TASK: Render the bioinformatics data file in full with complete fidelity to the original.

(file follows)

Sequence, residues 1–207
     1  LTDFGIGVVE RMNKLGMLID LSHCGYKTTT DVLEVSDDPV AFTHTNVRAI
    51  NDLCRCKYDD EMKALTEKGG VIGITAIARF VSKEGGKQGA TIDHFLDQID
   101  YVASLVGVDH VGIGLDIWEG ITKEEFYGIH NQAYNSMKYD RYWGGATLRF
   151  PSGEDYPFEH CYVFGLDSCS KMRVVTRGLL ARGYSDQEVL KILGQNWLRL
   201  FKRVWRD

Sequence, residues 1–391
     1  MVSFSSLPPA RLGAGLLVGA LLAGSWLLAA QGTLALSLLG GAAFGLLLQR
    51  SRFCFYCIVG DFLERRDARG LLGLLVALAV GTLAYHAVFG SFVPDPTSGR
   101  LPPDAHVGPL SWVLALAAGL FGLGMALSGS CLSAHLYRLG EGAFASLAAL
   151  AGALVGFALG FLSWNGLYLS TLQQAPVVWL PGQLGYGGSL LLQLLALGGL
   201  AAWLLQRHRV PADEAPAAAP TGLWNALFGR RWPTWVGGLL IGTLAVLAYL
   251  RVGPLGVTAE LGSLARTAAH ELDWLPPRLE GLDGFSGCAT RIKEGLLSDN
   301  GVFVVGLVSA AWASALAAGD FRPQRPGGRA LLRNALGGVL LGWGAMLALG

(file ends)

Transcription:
Sequence, residues 1–207
     1  LTDFGIGVVE RMNKLGMLID LSHCGYKTTT DVLEVSDDPV AFTHTNVRAI
    51  NDLCRCKYDD EMKALTEKGG VIGITAIARF VSKEGGKQGA TIDHFLDQID
   101  YVASLVGVDH VGIGLDIWEG ITKEEFYGIH NQAYNSMKYD RYWGGATLRF
   151  PSGEDYPFEH CYVFGLDSCS KMRVVTRGLL ARGYSDQEVL KILGQNWLRL
   201  FKRVWRD

Sequence, residues 1–391
     1  MVSFSSLPPA RLGAGLLVGA LLAGSWLLAA QGTLALSLLG GAAFGLLLQR
    51  SRFCFYCIVG DFLERRDARG LLGLLVALAV GTLAYHAVFG SFVPDPTSGR
   101  LPPDAHVGPL SWVLALAAGL FGLGMALSGS CLSAHLYRLG EGAFASLAAL
   151  AGALVGFALG FLSWNGLYLS TLQQAPVVWL PGQLGYGGSL LLQLLALGGL
   201  AAWLLQRHRV PADEAPAAAP TGLWNALFGR RWPTWVGGLL IGTLAVLAYL
   251  RVGPLGVTAE LGSLARTAAH ELDWLPPRLE GLDGFSGCAT RIKEGLLSDN
   301  GVFVVGLVSA AWASALAAGD FRPQRPGGRA LLRNALGGVL LGWGAMLALG